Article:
The aim of this study was to assess the frequency of drug-related relapses and to evaluate whether skin tests and/or lymphocyte transformation tests are useful in drug-related relapses to identify patients with MDH.
This study was a monocentric, retrospective analysis of patients with DRESS, examined between January 2011 and December 2018 at the out-patient allergy division of the Inselspital, Bern University Hospital, Switzerland. All data were obtained in September 2019 using a search tool from the hospital record database. DHR cases listed as “DRESS”, “drug reaction with eosinophilia and systemic symptoms”, “drug rash with eosinophilia and systemic symptoms”, “drug induced hypersensitivity syndrome”, “DiHS” and the combined terms “hypersensitivity”, "exanthema", "eosinophilia" and "fever" were evaluated. All patients included in this study gave informed consent for study participation and data publication. The study was approved by the local ethics committee (Kantonale Ethikkommission Bern).
All DRESS cases were evaluated based on the Regiscar scoring system , which classifies a DRESS as definitive case (≥ 6 points), probable case (4–5 points), possible case (2–3 points) or no case (< 2 points). Only patients with a probable or definite DRESS with ≥ 4 points and a complete allergy workup (skin tests and/or lymphocyte transformation test (LTT) to involved drugs) were included. Skin tests and LTT were performed during the recovery state within 24 months after diagnosis DRESS. Skin test results were evaluated according to the EAACI/ENDA guidelines . Since intradermal tests carry the risk of triggering a relapse in DRESS, all skin tests were performed using patch tests . Although patch tests may have a low risk of relapse, they are generally considered to be safe in severe DHR . For drugs with limited information on non-irritant test concentrations, 10–30% dilutions in petrolatum were used for patch test according to the guidelines of the European Society of Contact Dermatitis  (Additional file 1: Table S1). Exclusion criteria for this study were pre-existing eosinophilic skin disorder, confirmation of another diagnosis, which could explain the DRESS like symptoms, incomplete cases, a refusal to participate, and missing follow up at our allergy division.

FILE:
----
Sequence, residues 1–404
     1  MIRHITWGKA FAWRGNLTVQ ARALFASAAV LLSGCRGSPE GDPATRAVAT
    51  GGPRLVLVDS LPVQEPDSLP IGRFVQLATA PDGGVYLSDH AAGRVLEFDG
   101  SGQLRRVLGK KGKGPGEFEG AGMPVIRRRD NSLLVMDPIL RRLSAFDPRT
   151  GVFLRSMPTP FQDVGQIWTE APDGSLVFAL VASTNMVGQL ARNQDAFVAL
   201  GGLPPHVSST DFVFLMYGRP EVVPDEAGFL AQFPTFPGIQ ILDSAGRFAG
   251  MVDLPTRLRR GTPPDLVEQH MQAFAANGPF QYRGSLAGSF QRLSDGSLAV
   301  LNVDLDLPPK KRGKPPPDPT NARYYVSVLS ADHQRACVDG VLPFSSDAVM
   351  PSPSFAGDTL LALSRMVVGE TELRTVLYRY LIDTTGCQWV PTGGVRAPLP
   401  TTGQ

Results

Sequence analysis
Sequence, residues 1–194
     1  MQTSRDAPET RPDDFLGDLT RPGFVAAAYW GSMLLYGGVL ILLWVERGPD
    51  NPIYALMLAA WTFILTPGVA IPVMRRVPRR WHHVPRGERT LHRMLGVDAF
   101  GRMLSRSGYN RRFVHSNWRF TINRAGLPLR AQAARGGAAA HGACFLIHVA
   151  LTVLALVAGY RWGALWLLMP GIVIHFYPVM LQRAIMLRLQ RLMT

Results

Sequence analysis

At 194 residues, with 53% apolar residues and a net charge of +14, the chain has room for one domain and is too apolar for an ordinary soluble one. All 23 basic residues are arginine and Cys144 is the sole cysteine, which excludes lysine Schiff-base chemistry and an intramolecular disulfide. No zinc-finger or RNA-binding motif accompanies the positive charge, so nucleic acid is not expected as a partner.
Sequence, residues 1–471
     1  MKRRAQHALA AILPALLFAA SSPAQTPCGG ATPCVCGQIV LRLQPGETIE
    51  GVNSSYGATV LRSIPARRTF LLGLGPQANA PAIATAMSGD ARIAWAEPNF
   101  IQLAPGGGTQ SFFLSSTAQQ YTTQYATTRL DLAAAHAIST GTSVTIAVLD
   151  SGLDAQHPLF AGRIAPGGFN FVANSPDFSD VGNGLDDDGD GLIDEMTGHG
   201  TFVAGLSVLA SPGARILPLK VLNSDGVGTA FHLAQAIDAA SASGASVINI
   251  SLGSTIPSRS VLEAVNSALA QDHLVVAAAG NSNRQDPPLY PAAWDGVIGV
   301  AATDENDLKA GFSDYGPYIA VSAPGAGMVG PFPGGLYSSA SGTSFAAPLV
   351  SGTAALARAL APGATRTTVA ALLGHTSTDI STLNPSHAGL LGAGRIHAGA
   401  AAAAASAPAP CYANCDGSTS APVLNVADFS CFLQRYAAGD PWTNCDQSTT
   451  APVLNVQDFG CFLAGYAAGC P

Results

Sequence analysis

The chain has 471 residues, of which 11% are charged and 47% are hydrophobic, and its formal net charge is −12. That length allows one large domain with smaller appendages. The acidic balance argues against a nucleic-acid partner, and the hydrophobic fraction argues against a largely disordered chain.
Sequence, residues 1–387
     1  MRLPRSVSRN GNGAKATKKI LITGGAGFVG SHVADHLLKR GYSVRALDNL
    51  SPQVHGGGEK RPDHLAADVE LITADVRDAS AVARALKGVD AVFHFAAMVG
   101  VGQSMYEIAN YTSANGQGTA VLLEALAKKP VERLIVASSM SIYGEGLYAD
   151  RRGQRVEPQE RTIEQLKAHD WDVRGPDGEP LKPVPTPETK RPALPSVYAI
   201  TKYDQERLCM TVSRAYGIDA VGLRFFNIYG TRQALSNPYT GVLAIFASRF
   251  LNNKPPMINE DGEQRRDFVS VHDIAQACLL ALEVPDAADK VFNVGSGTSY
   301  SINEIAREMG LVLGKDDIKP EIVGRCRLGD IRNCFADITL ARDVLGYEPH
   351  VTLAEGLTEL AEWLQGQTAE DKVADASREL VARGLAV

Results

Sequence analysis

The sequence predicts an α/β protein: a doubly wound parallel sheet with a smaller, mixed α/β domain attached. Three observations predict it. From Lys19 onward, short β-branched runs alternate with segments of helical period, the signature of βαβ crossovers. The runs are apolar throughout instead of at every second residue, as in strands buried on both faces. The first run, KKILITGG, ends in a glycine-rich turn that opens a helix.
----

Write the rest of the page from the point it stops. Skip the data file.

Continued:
For each DRESS case, the following information have been recorded and analyzed: clinical features (e.g. exanthema, fever, eosinophilia, presence of atypical lymphocytes, organ involvement), administered drugs, latency period, comorbidities, the occurrence of relapses in the course and after the DRESS period, and results of skin test and lymphocyte transformation test (LTT). All cases were assigned to either one of two groups:
Group 1: DRESS, without proven drug-sensitization(s).
Group 2: DRESS with proven drug-sensitization(s) to inducing drug.
In each group the focus was on relapses occurring during or within 24 months after resolution of DRESS. The frequency of drug-related relapses and skin tests and/or LTT to possibly involved drugs was investigated. Patients who were re-exposed to the triggering drug after the relapse resolution were identified. The detailed procedure is summarized in a flowchart (Fig. 1).
MDH was defined as an immune mediated DHR to two or more unrelated drugs confirmed either by skin or by in-vitro tests [14, 15]. A relapse was defined as a transient re-occurrence of clinical symptoms and/or laboratory signs during or following the initial DHR (such as exanthema, recurrent eosinophilia, elevation of liver enzymes). All relapses were evaluated for a temporal relationship to the administration of new drugs or the reduction of systemic steroids. They were divided into three subgroups based on possible causes: (a) spontaneous forms without obvious cause; (b) relapses within two days after systemic steroid reduction; (c) relapses in connection with the administration of new drugs or dose increase of a previously tolerated drug (within three days). Viral re-activations were evaluated only in a minority of subjects and were not considered in this classification of relapses.
Analyses were performed using Graphpad Prism 8 (GraphPad Software, Inc, La Jolla, CA, USA). All results were summarized using descriptive statistics. Proportions were expressed in percentage; several continuous variables (eg. age, latency period etc.) were reported as mean and standard deviation or median and interquartile ranges.